Children bereaved suddenly

When you are involved in the care of a person who is dying or who has died suddenly, it is important to ask family members whether that patient has children or siblings. You can also ask whether they would like someone they know to bring the children to the hospital. A parent or carer in distress may not have remembered that a child needs to be collected from school.

If a child accompanies family members to an Accident & Emergency or Intensive Care Unit it is important that you as a professional can find out what the child has been told, and that someone can be with the child and reassure them that they will be told what is happening. Children also need to be in an area where they will not see or hear events that they are not prepared for. 

Children’s reactions

Children, like adults, will experience shock and disbelief and will only take in as much as they can bear at any one time. They are likely to need repeated explanations with pauses to enable them to digest the information and they may want to have time alone. They need to be told what is likely to happen next, and who is available to help them. It is helpful to give families the opportunity of returning at a later date to ask questions from the professional staff they have met, and children can be included in this.

Children’s reactions can vary from deep despair to denial or active protest. Whatever their reaction, it is important that they are allowed to express their feelings without being stopped or urged to “be brave” or to “be the big boy now who can look after the family”.

When a parent or sibling has died

Most children who have been kept informed and included around a death, with sensitivity and reassurance, are not afraid and have a better understanding of what has happened. Children will fill gaps in their knowledge by imagining, and their fantasies can be worse than the reality. They need to be reassured that the death is nothing to do with their thoughts or actions, that they are loved, and that life will not always be so sad.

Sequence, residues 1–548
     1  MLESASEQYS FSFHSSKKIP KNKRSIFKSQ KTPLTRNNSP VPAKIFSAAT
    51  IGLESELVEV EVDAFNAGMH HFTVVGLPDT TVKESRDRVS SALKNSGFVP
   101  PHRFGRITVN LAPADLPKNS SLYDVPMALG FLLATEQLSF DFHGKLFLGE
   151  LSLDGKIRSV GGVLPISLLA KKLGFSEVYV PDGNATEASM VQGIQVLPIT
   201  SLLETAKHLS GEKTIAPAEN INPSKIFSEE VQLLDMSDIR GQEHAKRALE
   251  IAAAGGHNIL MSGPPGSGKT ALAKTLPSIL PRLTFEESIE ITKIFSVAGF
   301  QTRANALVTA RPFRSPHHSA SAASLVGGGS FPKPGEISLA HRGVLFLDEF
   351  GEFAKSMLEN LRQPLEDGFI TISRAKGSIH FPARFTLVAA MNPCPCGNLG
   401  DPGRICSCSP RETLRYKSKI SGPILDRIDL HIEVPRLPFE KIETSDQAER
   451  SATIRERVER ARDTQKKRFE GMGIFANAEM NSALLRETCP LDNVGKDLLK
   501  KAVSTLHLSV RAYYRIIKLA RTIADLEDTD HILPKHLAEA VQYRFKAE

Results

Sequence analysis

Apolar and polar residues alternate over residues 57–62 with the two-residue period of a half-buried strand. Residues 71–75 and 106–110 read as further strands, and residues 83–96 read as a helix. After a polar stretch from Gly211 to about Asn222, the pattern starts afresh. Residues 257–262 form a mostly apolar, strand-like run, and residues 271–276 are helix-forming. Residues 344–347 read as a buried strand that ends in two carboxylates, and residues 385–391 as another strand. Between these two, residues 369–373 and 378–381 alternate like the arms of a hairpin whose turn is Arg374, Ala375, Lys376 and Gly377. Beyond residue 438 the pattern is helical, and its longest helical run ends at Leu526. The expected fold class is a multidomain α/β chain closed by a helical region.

Seeing the person who has died

Parents may be concerned that seeing the person after they have died will give children frightening and upsetting memories.  Depending on the nature of the death and what the body will look like, in many cases seeing the person is likely to be helpful for a child, rather than damaging.  It may be that just part of the body is more appropriate to be on view, such as their hand.

However it is very important that children, and adults, are prepared for what to expect, for example what they will see and hear. It is useful to explain that the person may feel cold to touch and their skin colour may be different. Also explain what any medical equipment will look and sound like.

Factual explanations of death are helpful, such as, “When people die it means their body doesn’t work anymore and although they will look like they are asleep, they are not, because when you are just asleep your body works very well.”

It is the family’s choice, but it helps if children are involved in that decision.  Seeing the person can help children to understand what has happened, and help them to say goodbye.

See also:

> When someone is not expected to live

> Telling a child that someone has died

> Sudden death: including accidents, suicide and homicide

> Looking after yourself